- Two men seriously hurt in crash near Fruitland (9/21/16)3
- Perryville man arrested for alleged patronizing prostitution, harassment (9/23/16)6
- Eldorado Resorts to buy Isle of Capri Casinos (9/20/16)7
- Community helps Jackson family with two cases of muscular dystrophy (9/19/16)
- Video and evidence largely confirm trooper's claims in April traffic stop shooting (9/23/16)7
- Cape man may lose eye after shovel beating, police say (9/25/16)2
- Funeral procession of former Cape Girardeau police chief Henry H. Gerecke (9/22/16)17
- Cape man accused of attacking pregnant girlfriend (9/22/16)
- Show Me Center upgrades may allow facility to draw more elaborate shows (9/21/16)17
- Man convicted of Perryville convenience-store heist (9/21/16)
Mail call raises spirits of U.S. troops in Kuwait
IN THE KUWAITI DESERT -- Sitting in the driver's seat of a Paladin self-propelled howitzer, Pfc. Joseph McWhorter was all smiles Thursday as he dug into a Valentine's Day box full of his favorite treats and photos from home.
McWhorter and his unit came to the Kuwaiti desert more than four months ago as part of a routine rotation through Kuwait. But as tensions have risen between the United States and Iraq, their mission was extended indefinitely. Tens of thousands of U.S. troops are in Kuwait standing by in case President Bush decides to use force to disarm Saddam Hussein.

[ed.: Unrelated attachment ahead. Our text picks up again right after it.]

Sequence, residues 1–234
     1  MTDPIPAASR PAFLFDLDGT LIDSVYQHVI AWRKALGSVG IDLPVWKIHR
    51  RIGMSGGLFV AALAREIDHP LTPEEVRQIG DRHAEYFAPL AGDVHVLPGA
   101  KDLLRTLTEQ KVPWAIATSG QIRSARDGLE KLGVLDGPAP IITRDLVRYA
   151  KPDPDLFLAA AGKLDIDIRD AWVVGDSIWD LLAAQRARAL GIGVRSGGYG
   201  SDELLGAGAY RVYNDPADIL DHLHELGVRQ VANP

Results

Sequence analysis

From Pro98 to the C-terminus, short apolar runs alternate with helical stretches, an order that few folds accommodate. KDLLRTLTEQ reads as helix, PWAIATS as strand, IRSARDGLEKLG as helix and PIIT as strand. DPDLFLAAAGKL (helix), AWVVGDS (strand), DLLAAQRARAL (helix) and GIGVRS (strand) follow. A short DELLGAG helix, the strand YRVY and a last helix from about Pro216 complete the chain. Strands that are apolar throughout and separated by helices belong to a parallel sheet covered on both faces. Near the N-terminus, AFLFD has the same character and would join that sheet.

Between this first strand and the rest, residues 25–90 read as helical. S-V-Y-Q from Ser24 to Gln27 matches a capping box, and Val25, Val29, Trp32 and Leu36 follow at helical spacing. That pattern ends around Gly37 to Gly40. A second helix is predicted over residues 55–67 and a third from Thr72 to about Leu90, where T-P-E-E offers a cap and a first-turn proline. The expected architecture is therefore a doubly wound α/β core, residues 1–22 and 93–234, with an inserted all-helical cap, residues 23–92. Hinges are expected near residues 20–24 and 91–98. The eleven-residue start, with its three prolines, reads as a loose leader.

"Care packages" from family and friends, especially for holidays, help make the weeks in the Kuwaiti desert bearable for the troops from the 3rd Infantry Division based in Fort Stewart, Ga.
McWhorter, 19, proudly pointed to the return address of his cardboard box, which simply read "Mom."
Candy and beef jerky
"It makes you feel good to get a letter from Mom or Dad and friends," said McWhorter of Tampa, Fla., as he dug into the candy, beef jerky and photos that were in his Valentine's box. "It keeps you motivated knowing the people back home are thinking of you."
McWhorter is part of the C Battery, 1st Battalion of the 9th Field Artillery Regiment.
Just as he was showing off photos of his family, a firing order popped up on the computer screen. He quickly tucked his precious package beneath the seat of his 32-ton, 155mm artillery piece and shut the hatch as the barrel pointed toward its target.
The Paladin commander, Staff Sgt. Juan Cordona, said he orders his crew to write home at least once a week. A 15-year veteran who immigrated to the United States from Colombia, he knows the toll loneliness and homesickness can take.
"Being a soldier, what makes your morale high is getting a letter from a loved one. If you write, you get letters back," said Cordona, also a Gulf War veteran.
The one high point is the mail from home. Or at least most of the time. Pfc. John Thompson received a "Dear John" letter like those that come all too often from wives and girlfriends who can't handle months spent apart.
"She wrote me and said 'You know how you said this was going to be hard on me? Well, it is," said Thompson, a 20-year-old rodeo rider turned machine gunner. "I'm single this Valentine's Day."